Our Infertility Story

Yesterday I shared a post on my Facebook page about why you shouldn't ask people when they are going to have children, or if they only have an only child, asking when they are going to have more. It seemed to speak to a lot of people who struggle with infertility or have lost babies so I thought I would take the time to share our story here on the blog.

About four years ago, I wrote a post on my blog titled "Saying Goodbye to the Babies I Will Never Have." I came to the point in my life when I realized that all the mourning I had been doing was affecting my relationship with the child that was right in front of me. I made a decision to stop focusing on our infertility. Now that doesn't mean I still don't have my moments because I do. But as I get older, and the baby making years are slowly slipping by, I am more at peace with it.  In fact, I held a newborn on Sunday and I can honestly say that the feeling of wanting one is mostly gone. It's not that I wouldn't take a miracle but I prefer to have a child closer to my son's age of eleven.

So here's our infertility story.

In June of 2000 we were married after almost six years of dating. I was twenty-three and he was twenty-nine. We were married for about a year when we decided to start actively trying to have a baby. I guess I thought it would happen quickly, after all, my mother has four children and she never had any problems. Boy oh boy was I in for a rollercoaster ride of emotions over the next several years.

After about six months of trying, I took a pregnancy test and there was very faint positive line. I remember the day like it was yesterday. As we were walking back to check on one of our food plots we planted for the deer, I grabbed my husband's hand and said, "I can't believe we're finally pregnant!" That feeling lasted one day.  By the next day I was bleeding. I went to the doctor but it was too early and all signs of a baby were gone. I was pretty devastated but relieved to know that at least we could get pregnant. I knew that we would never be a couple that would take infertility treatments or have any kind of extensive testing done. We couldn't afford to take that route and I knew if it didn't happen on its own I would probably remain childless.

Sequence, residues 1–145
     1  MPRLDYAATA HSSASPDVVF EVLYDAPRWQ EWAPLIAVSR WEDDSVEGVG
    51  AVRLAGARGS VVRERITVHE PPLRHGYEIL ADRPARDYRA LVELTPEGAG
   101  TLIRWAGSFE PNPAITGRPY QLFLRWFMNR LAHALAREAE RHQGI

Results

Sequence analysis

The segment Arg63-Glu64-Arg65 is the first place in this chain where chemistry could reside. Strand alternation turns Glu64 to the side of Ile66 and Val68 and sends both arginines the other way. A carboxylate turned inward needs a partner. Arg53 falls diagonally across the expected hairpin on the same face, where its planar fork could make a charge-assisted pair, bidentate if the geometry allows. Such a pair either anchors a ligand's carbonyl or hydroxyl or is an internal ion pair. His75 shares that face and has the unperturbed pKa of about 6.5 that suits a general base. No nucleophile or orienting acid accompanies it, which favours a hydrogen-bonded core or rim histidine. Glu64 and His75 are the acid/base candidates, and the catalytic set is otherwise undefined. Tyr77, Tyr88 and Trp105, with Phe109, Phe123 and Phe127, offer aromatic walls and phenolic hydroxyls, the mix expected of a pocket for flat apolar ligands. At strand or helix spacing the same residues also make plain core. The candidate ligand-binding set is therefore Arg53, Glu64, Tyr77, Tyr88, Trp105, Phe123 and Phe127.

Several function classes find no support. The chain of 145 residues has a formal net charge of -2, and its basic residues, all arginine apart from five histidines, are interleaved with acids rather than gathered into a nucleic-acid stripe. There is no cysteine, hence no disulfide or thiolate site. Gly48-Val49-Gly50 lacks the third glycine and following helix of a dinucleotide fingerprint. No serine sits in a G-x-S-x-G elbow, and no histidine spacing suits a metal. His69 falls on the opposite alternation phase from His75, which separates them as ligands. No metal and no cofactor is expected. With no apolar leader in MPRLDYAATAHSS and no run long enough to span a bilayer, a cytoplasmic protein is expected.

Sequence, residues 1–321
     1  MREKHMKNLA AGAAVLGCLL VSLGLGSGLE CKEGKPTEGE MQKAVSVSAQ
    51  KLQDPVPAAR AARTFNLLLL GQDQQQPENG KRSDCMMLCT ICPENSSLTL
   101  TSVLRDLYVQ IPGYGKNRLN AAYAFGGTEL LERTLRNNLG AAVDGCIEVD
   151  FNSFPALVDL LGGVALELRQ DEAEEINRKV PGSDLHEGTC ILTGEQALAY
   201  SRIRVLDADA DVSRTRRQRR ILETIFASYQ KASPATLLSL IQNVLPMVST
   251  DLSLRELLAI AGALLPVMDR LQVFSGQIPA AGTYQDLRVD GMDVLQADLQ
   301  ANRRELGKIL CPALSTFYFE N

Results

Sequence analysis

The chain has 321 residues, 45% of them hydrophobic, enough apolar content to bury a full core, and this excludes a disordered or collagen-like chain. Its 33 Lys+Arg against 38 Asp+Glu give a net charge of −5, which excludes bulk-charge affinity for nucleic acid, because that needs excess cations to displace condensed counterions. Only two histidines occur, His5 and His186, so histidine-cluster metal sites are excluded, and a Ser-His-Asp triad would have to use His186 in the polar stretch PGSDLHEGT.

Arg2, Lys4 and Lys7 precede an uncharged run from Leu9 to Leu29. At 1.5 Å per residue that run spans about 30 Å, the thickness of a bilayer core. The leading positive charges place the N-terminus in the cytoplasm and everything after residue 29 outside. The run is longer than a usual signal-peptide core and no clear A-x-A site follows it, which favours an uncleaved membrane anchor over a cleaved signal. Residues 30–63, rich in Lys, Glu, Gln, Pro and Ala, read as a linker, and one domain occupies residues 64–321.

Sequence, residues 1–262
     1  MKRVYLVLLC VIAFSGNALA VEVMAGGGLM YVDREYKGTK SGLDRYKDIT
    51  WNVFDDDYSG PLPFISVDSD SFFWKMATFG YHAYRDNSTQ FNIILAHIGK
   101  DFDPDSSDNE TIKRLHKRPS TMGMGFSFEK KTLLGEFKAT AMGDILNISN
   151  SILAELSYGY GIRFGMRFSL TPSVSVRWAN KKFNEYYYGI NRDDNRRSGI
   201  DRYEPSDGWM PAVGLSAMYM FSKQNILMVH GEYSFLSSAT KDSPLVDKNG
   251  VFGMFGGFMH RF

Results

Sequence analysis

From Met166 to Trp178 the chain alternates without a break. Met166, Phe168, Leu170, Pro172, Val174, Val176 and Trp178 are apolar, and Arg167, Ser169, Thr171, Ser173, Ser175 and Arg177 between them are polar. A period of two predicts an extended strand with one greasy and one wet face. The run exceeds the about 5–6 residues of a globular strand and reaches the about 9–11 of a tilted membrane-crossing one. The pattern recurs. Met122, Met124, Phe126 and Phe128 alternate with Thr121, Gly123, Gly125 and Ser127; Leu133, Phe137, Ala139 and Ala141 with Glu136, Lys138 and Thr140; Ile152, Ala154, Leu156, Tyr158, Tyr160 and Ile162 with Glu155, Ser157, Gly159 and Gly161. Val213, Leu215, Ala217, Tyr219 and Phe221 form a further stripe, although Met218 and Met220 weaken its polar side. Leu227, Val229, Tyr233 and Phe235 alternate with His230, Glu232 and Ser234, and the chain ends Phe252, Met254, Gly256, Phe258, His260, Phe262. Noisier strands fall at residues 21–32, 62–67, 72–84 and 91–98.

This would start my psychotic phase of checking out and buying every single book on infertility and pregnancy I could get my hands on. I did it all. I took my temperature, checked my cervical mucus, and timed intercourse. Every month I would take a test and it would be negative. I seriously should have bought stock in pregnancy tests for as many as I bought and went through.

For two years after our miscarriage we tried every month to have a baby and every month I would start my cycle and cry. I cried a lot. I was a new Christian back then not coming to salvation until right before our wedding and I just didn't understand why God would do this to me. Hadn't I been through enough in my short life here on earth? Was it really necessary to add infertility to it too? I was angry with God and I wanted to control it so I tried to do everything I could to make it happen.

No hot baths.

You have to wear boxer shorts.

I need to quit caffeine.

Hand me a pillow so I can prop my butt up.

Maybe I should just stand on my head and that would help.

I drove my husband crazy. Cray-Cray. He was happy with just the two of us and did not understand this quest I was on to add to our family. Bless him. He put up with a crazy woman for those two years. Oh wait, he is still putting up with a crazy woman....

One day, I was at work after coming back from a vacation in Florida with my sister, and my co-worker looked at me strange because I was eating pickles and drinking chocolate milk for breakfast. (Seriously, I can't make this stuff up, folks). She said "You're pregnant." To which I laughed in her face and said "Yeah, right. You don't try for as long as we have and just get pregnant." She convinced me to go next door to the doctors office and take a test, so I did, knowing that it would be negative. Only it wasn't negative, it was positive. I sobbed and misdialed my home phone number three times before reaching my husband at home to tell him the news.

And so ended the crazy, "try to get pregnant" lady, and the, "every time I go to the bathroom I am afraid to find blood," crazy lady appeared. I don't think I relaxed while carrying my son until I was about twenty-five weeks and I knew he had a chance of surviving outside the womb.